United States District Court, D. South Carolina, Columbia Division
JOSEPH F. ANDERSON, Jr., District Judge.
The pro se petitioner, Antiono Gordon ("Petitioner"), is an inmate in custody of the South Carolina Department of Corrections and is currently housed at Allendale Correctional Institution. Petitioner filed a writ of habeas corpus pursuant to 28 U.S.C. § 2241 seeking to overturn his 1999 state criminal conviction.
This matter is before the Court for review of the Magistrate Judge's Report and Recommendation made in accordance with 28 U.S.C. § 636(b)(1)(B) and Local Rule 73.02(B)(2)(D.S.C.). In issuing their Report and Recommendation, the Magistrate Judge makes only a recommendation to the Court. The recommendation has no presumptive weight and the responsibility to make a final determination remains with the Court. Mathews v. Weber, 423 U.S. 261 (1976).
The Court is required to make a de novo determination of those portions of the report or specified findings or recommendation to which an objection is made. However, the Court is not required to review, under a de novo or any other standard, the factual Report and Recommendation to which no objections are given. While the level of scrutiny depends on whether or not objections have been filed, in either case the Court is free, after review, to accept, reject, or modify any of the Magistrate Judge's findings or recommendations. Wallace v. Housing Auth. of the City of Columbia, 791 F.Supp. 137, 138 (D.S.C. 1992).
I. Petitioner's 28 U.S.C. § 2241 Motion
The Petitioner characterized his action as a 28 U.S.C. § 2241 motion. However, because the petition primarily seeks to overturn Petitioner's 1999 state conviction, and challenges to state convictions are typically cognizable only under 28 U.S.C. § 2254, it must be restyled as such. See Franklin v. McCall, No. 8:12-CV-02331-GRA, 2013 WL 5275924, at *2 (D.S.C. Sept. 17, 2013) ("The primary means of attacking the validity of a state conviction and sentence is through a petition pursuant to 28 U.S.C. § 2254, while a petition for habeas corpus under § 2241 is the proper method to challenge the computation or execution of a sentence."); Clemmons v. South Carolina, No. 0:08-607-RBH, 2008 WL 2845636, at *1 (D.S.C. July 18, 2008) ("Unlike petitions brought under § 2254, which challenge the validity of a state court conviction and sentence, petitions brought under § 2241 generally challenge the execution or implementation of a sentence, such as parole matters, sentence computation, calculation of good time credits, prison disciplinary actions, and transfers.").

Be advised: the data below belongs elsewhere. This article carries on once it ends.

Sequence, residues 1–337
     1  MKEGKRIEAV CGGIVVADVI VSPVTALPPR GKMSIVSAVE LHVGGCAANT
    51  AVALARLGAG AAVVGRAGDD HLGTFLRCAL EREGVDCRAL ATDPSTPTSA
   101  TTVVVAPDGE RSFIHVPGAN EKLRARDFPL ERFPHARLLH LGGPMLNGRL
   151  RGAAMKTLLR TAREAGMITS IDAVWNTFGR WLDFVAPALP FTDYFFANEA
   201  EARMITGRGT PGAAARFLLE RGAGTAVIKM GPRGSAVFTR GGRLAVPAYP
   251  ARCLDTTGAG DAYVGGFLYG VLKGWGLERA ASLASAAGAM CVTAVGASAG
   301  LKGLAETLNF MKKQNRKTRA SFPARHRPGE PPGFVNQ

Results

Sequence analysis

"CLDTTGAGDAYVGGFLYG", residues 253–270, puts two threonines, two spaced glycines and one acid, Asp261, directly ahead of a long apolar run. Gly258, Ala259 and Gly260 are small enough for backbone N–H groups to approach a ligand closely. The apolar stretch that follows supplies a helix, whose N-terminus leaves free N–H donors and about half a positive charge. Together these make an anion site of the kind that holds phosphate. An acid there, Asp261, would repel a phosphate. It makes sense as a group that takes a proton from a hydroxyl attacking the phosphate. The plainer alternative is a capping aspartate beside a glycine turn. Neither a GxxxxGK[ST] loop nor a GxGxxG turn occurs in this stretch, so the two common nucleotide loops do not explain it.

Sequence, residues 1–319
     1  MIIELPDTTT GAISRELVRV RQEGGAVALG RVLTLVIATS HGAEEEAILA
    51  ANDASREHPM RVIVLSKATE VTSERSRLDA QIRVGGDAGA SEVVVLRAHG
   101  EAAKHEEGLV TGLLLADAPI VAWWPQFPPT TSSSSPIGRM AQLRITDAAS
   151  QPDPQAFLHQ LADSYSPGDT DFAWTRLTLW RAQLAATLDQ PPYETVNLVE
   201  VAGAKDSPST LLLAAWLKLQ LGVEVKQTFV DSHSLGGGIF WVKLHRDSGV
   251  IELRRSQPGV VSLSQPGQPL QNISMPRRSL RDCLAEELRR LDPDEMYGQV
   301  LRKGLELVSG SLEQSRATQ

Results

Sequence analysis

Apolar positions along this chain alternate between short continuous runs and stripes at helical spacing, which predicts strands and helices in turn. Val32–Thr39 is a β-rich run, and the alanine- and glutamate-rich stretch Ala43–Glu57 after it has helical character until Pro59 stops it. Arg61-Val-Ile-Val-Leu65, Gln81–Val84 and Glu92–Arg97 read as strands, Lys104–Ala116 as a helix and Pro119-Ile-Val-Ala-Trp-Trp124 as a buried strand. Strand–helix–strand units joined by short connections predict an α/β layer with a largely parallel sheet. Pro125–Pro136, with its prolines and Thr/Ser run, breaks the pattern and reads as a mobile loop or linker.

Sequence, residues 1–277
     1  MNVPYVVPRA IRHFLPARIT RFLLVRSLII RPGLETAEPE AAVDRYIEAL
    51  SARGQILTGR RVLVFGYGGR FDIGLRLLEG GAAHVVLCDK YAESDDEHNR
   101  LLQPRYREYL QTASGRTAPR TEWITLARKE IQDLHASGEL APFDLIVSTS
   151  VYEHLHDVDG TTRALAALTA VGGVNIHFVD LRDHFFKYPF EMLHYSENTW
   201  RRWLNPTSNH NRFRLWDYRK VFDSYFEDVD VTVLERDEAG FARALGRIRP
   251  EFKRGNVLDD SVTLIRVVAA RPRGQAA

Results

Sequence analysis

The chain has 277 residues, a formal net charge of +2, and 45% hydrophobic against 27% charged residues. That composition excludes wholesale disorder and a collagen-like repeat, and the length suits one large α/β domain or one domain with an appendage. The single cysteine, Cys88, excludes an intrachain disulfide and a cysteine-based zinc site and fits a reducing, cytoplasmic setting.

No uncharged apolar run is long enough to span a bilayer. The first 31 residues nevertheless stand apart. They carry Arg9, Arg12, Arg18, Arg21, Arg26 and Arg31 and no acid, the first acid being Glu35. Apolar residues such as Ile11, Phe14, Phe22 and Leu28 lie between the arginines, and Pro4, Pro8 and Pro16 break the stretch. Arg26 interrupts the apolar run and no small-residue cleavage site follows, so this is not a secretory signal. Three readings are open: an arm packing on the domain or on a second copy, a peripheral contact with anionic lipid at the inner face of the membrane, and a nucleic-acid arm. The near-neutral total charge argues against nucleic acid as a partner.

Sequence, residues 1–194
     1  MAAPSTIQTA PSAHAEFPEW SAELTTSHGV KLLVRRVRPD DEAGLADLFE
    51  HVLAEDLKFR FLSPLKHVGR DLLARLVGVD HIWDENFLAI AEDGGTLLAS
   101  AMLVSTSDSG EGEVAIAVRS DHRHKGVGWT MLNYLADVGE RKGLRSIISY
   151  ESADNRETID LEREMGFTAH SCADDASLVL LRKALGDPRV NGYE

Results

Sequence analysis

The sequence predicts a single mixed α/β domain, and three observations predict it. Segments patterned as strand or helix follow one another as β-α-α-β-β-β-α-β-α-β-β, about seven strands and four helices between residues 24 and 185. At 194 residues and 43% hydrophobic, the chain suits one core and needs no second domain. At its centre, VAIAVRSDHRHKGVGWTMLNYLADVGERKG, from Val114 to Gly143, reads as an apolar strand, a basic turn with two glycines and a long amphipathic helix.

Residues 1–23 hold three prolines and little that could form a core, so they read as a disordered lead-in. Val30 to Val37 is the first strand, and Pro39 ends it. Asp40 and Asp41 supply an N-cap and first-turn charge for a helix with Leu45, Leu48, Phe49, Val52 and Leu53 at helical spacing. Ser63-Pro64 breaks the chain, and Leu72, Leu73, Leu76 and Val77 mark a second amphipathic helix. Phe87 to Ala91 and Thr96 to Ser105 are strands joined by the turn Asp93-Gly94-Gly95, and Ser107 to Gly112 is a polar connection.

In 2011, Petitioner filed a habeas action pursuant to § 2254 in this district for the same purpose. See Gordon v. Cartledge, C/A No. 8:10-2578-MBS-JDA ECF No. 40. The Court found the action was time-barred and granted respondent's motion for summary judgment, dismissing the action with prejudice. Id., ECF No. 53. Petitioner then appealed, but the Fourth Circuit Court of Appeals dismissed his claim. Id., ECF Nos. 59, 60.
Though 28 U.S.C. § 2244(b)(2) allows a petitioner to bring a successive § 2254 action, a petitioner may only bring a second claim when it has been authorized by a court of appeals. In the present matter, Petitioner has not obtained such authorization. As the Magistrate Judge correctly reasons, because the Petitioner has not sought and received permission from the Fourth Circuit Court of Appeals to file a second, successive § 2254 motion, this Court does not have jurisdiction to consider it, and the action should be summarily dismissed.
II. Petitioner's Supplement to his Original Action.
Petitioner supplemented his original action after the Magistrate Judge issued her Report and Recommendation. However, the information provided in Petitioner's supplemental complaint neither invalidated the recommended alternate characterization of Petitioner's claim, nor suggested he had received permission from a court of appeals to file a successive § 2254 action. Therefore, even with Petitioner's supplemental complaint, the Court still does not have jurisdiction to consider the action.
After carefully reviewing the applicable laws, the record in this case, and the Report and Recommendation, this Court finds the Magistrate Judge's recommendation fairly and accurately summarizes the facts and applies the correct principles of law. Because Petitioner has not received permission to file a successive habeas corpus action, this Court does not have jurisdiction to consider the matter, and it should be summarily dismissed. Accordingly, the Report and Recommendation is incorporated ...